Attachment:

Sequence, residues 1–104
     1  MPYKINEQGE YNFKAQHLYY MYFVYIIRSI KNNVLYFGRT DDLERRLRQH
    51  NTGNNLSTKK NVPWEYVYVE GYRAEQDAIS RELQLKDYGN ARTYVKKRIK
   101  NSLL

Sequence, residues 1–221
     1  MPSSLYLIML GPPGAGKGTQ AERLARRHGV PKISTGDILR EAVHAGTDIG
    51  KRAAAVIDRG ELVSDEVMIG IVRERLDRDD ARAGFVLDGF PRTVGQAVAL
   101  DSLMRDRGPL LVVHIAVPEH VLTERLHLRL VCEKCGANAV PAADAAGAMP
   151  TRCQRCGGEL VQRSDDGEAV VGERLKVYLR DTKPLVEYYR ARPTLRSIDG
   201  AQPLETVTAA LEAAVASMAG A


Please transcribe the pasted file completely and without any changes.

Sequence, residues 1–104
     1  MPYKINEQGE YNFKAQHLYY MYFVYIIRSI KNNVLYFGRT DDLERRLRQH
    51  NTGNNLSTKK NVPWEYVYVE GYRAEQDAIS RELQLKDYGN ARTYVKKRIK
   101  NSLL

Sequence, residues 1–221
     1  MPSSLYLIML GPPGAGKGTQ AERLARRHGV PKISTGDILR EAVHAGTDIG
    51  KRAAAVIDRG ELVSDEVMIG IVRERLDRDD ARAGFVLDGF PRTVGQAVAL
   101  DSLMRDRGPL LVVHIAVPEH VLTERLHLRL VCEKCGANAV PAADAAGAMP
   151  TRCQRCGGEL VQRSDDGEAV VGERLKVYLR DTKPLVEYYR ARPTLRSIDG
   201  AQPLETVTAA LEAAVASMAG A